A report into BAE's ethics and foreign practices shines the spotlight on corporate reputation and governance

A report by the former Lord Chief Justice has again shined the ethical spotlight on BAE Systems, the UK’s largest defence contractor.

The inquiry—by Lord Woolf but commissioned by BAE—was intended to focus on the ethical standards required in doing business globally, where customers in foreign markets sometimes operate under different rules of engagement.

The report noted: ‘In the global economy, corporate reputation has become an essential part of an enterprise’s value and the effective management of ethical and reputational risks has become a critical element of corporate governance.’

Rather than being a whitewash, as some expected, the inquiry has not been kind to BAE. The company invited Woolf to look at its ethical behaviour to challenge ‘widely-held perceptions that it was involved in inappropriate behaviour.’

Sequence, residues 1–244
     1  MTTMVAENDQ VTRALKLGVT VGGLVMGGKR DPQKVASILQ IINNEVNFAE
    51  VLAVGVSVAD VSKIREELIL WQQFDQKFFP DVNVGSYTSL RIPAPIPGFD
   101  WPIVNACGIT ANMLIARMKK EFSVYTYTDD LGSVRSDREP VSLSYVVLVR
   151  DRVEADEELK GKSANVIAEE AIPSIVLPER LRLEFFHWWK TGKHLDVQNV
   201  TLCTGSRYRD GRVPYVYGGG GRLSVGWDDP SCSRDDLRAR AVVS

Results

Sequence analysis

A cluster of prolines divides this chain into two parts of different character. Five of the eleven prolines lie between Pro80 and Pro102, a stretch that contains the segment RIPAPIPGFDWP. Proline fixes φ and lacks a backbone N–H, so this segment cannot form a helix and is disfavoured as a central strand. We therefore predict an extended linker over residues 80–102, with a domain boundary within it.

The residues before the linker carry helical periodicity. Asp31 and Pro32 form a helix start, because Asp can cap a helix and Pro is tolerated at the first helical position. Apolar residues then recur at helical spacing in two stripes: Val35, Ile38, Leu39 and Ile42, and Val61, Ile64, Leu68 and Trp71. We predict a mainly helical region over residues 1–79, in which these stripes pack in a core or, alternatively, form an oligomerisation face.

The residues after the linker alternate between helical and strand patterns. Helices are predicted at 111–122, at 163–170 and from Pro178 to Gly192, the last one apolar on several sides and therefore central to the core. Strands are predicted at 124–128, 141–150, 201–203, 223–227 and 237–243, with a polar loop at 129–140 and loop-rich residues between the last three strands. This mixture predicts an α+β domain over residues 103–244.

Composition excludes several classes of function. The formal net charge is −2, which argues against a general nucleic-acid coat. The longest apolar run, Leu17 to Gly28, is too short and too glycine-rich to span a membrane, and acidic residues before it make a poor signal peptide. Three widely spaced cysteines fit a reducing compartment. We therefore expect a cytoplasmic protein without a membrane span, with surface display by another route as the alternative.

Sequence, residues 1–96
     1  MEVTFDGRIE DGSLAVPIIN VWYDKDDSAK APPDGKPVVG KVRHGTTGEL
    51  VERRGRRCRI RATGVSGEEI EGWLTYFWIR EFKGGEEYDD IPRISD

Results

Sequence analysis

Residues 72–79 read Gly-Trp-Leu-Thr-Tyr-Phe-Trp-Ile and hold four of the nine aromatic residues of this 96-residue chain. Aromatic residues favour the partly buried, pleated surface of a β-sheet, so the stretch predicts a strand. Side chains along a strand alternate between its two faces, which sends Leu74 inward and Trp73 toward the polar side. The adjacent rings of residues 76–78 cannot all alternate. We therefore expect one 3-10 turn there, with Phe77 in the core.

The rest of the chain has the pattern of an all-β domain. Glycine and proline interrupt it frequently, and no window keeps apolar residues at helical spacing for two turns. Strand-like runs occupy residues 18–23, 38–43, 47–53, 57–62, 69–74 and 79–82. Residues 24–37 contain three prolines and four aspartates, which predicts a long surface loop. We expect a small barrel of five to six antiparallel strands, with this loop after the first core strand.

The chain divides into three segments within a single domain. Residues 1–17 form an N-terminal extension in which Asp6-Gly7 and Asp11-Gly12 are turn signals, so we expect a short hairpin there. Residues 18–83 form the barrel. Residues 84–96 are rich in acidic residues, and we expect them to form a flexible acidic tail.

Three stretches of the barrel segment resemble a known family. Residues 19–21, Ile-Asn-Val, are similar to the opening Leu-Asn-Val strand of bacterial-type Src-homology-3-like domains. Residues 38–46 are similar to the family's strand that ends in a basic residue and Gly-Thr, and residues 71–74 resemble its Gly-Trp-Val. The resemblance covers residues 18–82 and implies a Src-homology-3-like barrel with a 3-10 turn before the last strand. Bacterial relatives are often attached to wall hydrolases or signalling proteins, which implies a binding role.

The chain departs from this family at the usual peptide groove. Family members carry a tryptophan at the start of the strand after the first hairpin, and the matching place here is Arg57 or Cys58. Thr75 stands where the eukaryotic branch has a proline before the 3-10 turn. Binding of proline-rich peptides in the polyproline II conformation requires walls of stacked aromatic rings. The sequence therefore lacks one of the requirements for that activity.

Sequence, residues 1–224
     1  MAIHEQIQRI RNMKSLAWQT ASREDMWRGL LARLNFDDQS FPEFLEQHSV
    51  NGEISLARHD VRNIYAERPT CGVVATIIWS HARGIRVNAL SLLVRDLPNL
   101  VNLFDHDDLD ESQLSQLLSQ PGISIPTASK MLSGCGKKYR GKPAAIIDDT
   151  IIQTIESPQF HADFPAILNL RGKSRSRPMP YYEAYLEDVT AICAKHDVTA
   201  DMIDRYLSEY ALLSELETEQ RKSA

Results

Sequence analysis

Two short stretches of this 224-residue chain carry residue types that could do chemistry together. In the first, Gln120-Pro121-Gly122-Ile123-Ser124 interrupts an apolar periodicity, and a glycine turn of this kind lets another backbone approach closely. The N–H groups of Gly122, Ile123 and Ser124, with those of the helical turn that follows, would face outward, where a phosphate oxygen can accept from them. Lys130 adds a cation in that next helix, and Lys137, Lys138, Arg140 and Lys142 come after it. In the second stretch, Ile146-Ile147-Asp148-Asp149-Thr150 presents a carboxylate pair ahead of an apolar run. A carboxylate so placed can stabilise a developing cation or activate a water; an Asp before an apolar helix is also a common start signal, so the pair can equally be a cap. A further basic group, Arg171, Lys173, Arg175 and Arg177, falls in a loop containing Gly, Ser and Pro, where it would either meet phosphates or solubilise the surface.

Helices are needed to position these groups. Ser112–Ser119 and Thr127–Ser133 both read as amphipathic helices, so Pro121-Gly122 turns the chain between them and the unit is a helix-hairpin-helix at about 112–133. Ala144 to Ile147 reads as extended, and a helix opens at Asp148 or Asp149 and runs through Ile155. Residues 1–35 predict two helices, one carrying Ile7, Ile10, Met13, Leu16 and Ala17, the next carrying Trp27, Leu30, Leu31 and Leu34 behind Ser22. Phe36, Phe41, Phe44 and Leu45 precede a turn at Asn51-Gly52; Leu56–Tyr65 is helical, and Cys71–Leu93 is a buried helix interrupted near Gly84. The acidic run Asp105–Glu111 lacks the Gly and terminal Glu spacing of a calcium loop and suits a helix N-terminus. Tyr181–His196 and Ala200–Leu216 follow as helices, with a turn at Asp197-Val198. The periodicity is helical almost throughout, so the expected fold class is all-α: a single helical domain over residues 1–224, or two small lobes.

However, according to Garry Honey founder of the reputation consultancy, Chiron, ‘the criticism of the company made by the report committee has done nothing to improve the reputation of BAE and has in fact brought the company back into the media spotlight.’

“Rather than being a whitewash, as some expected, the inquiry has not been kind to BAE.

The inquiry revealed top management admitted failing to pay sufficient attention to ethical standards that could have damaged its reputation.

Although the Woolf report was never going to judge past actions, it has again raised the issue of corruption claims in relation to the £43bn (Euro54.5m) Al-Yamamah arms deal with Saudi Arabia. BAE denies making illegal payments to secure the deal.

Dick Olver, chairman, BAE Systems, stated: ‘The Committee’s publication of this Report is an important step towards BAE Systems’ objective of achieving benchmark standards of governance in the conduct of its day-to-day business.’

When the SFO abandoned the probe in 2006 it helped inspire the Organisation for Economic Cooperation and Development (OECD), one of the foremost anti-bribery bodies, to conduct a review of the UK’s foreign bribery laws, which it criticised.